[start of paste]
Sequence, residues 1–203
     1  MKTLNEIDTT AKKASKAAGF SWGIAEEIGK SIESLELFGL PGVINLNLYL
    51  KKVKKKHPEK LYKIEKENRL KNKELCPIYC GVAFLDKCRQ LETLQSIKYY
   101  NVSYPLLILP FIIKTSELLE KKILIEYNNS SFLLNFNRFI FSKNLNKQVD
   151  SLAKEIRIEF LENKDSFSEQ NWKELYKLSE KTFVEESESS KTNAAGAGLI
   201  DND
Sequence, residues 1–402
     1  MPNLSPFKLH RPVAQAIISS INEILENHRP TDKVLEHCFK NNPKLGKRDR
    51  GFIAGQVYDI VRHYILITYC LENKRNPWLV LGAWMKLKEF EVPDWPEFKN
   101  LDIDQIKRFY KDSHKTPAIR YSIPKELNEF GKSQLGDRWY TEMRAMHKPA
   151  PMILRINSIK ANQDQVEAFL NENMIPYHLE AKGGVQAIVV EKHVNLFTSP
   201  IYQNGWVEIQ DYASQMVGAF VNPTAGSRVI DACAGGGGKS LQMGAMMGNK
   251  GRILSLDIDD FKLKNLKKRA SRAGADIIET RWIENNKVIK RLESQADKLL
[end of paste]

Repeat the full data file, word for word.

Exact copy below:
Sequence, residues 1–203
     1  MKTLNEIDTT AKKASKAAGF SWGIAEEIGK SIESLELFGL PGVINLNLYL
    51  KKVKKKHPEK LYKIEKENRL KNKELCPIYC GVAFLDKCRQ LETLQSIKYY
   101  NVSYPLLILP FIIKTSELLE KKILIEYNNS SFLLNFNRFI FSKNLNKQVD
   151  SLAKEIRIEF LENKDSFSEQ NWKELYKLSE KTFVEESESS KTNAAGAGLI
   201  DND
Sequence, residues 1–402
     1  MPNLSPFKLH RPVAQAIISS INEILENHRP TDKVLEHCFK NNPKLGKRDR
    51  GFIAGQVYDI VRHYILITYC LENKRNPWLV LGAWMKLKEF EVPDWPEFKN
   101  LDIDQIKRFY KDSHKTPAIR YSIPKELNEF GKSQLGDRWY TEMRAMHKPA
   151  PMILRINSIK ANQDQVEAFL NENMIPYHLE AKGGVQAIVV EKHVNLFTSP
   201  IYQNGWVEIQ DYASQMVGAF VNPTAGSRVI DACAGGGGKS LQMGAMMGNK
   251  GRILSLDIDD FKLKNLKKRA SRAGADIIET RWIENNKVIK RLESQADKLL